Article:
Summary: How do we reject sin and enter the real life God wishes for us?

Should we continue in sin in order that grace may abound? 2By no means! How can we who died to sin go on living in it? 3Do you not know that all of us who have been baptized into Christ Jesus were baptized into his death? 4Therefore we have been buried with him by baptism into death, so that, just as Christ was raised from the dead by the glory of the Father, so we too might walk in newness of life.

5For if we have been united with him in a death like his, we will certainly be united with him in a resurrection like his. 6We know that our old self was crucified with him so that the body of sin might be destroyed, and we might no longer be enslaved to sin. 7For whoever has died is freed from sin. 8But if we have died with Christ, we believe that we will also live with him. 9We know that Christ, being raised from the dead, will never die again; death no longer has dominion over him. 10The death he died, he died to sin, once for all; but the life he lives, he lives to God. 11So you also must consider yourselves dead to sin and alive to God in Christ Jesus. Romans 6:1b - 11 (NRSVA)

In the Baptismal Covenant we are asked a question: Will you turn away from the powers of sin and death? It’s a pretty simple thing to read the answers off the paper…

We renounce the spiritual forces of wickedness

We reject the evil powers of this world

And repent of our sin

Reading a pre-programmed answer is easy; but how do you live it? If the untold numbers of testimonies of lives-lived in and out of the Christian faith are any evidence, rejecting sin and the evil forces of this world are not found in repeating some magical formula like a mantra…

I’m a Christian, I will not sin,

I’m a Christian, I will not sin,

I’m a Christian, I will not sin…. Ad nauseum!

It’s also not a matter of getting a good self-help book from a TV Religious program, “7 Steps to Holiness…Name it, Claim it, Blab it, Grab it, you deserve a Cadillac, send me $100 and I’ll pray for you”.

Rather, the answer is found in our identity; the answer is to be “in Christ”. In our text Paul says it this way:

11So you also must consider yourselves dead to sin and alive to God in Christ Jesus.

“In Christ”! What does that mean? I can tell you the worth of it – being in Christ is everything. And anything less than 100% “in Christ” is to be without Christ entirely. There is no power to resist sin without Christ. But living “in Christ” holds the power to reject sin.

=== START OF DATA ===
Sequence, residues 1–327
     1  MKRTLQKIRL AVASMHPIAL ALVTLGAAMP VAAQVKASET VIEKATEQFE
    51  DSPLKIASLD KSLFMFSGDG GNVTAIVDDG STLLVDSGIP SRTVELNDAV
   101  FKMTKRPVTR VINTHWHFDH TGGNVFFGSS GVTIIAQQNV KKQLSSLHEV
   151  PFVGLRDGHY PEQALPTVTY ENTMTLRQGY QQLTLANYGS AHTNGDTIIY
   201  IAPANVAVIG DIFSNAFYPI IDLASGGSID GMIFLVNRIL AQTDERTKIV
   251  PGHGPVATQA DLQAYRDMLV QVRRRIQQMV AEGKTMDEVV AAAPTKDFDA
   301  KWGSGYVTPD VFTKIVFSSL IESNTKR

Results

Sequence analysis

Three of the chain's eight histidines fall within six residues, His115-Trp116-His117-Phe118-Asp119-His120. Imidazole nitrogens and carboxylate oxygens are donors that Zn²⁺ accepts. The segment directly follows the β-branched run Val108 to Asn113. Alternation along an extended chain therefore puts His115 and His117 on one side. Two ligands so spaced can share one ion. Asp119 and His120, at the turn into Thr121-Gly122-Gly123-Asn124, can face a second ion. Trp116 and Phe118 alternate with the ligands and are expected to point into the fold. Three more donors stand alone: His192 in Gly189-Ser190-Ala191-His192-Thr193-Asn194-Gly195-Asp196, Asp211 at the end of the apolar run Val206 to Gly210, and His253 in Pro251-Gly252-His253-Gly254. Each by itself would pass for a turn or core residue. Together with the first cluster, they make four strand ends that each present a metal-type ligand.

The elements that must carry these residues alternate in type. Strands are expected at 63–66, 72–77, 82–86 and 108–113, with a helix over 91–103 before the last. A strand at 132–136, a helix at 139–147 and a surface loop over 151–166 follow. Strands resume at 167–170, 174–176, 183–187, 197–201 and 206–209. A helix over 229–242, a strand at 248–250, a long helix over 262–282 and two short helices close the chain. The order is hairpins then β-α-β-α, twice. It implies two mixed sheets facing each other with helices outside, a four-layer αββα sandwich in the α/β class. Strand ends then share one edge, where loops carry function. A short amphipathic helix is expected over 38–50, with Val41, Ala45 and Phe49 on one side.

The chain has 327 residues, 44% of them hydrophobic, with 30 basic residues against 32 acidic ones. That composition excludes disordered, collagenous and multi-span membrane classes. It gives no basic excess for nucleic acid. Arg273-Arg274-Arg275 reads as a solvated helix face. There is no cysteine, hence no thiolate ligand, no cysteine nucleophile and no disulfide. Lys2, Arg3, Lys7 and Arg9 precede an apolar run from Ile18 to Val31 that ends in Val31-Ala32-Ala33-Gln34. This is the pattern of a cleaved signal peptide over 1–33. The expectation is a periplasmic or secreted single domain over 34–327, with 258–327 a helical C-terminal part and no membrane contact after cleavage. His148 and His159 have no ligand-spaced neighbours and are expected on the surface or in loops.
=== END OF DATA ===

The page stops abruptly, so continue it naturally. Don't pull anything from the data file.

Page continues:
If you spend much time hanging around philosophy students you know they’re weird. Invariably they try to get you to answer in 25 words or less the ultimate question: What is the meaning of life?

Well, we’re at that point today…and let’s not shy away from asking that ultimate question, but let’s go beyond merely getting at the meaning of life as understanding or head-knowledge; let’s also ask how we can experience the meaning of life. I want to have more than information about life’s meaning; I want life!

Now, the answer is already there; the process is a matter of removing the obstacles that block us from seeing it, so we can see clearly, and step into life.

What we need to see is the cross and empty tomb. Everything about our baptism points to that. On the cross Jesus died because sin had us dead to rights…sin requires death, separation from God. The empty tomb is proof Jesus conquered sin and death.

How does that help me see how to have life? The answer there is found in the fact that the cross and tomb are outside of yourself. And therein we see the difference. Often we are told to “look within” for our answers. OK…let’s do that; look inside the average person, child, teen, adult, senior…what do we see?

Is there confusion?

Is there questioning?

Is there doubt and suffering?

How does any of that provide answers that you can trust? On this one, looking within won’t cut it. We need to look outside ourselves; we go to the cross and empty tomb for our answers.


I remember a cartoon strip from many years ago, Pogo is considering life and he muses: “We have met the enemy and he is us”.

A person asked Socrates why it was that Alcibiades, who was so rich, so brilliant and so able a statesman and general, who had traveled so much, and seen so much of the world, was nevertheless so unhappy a man.

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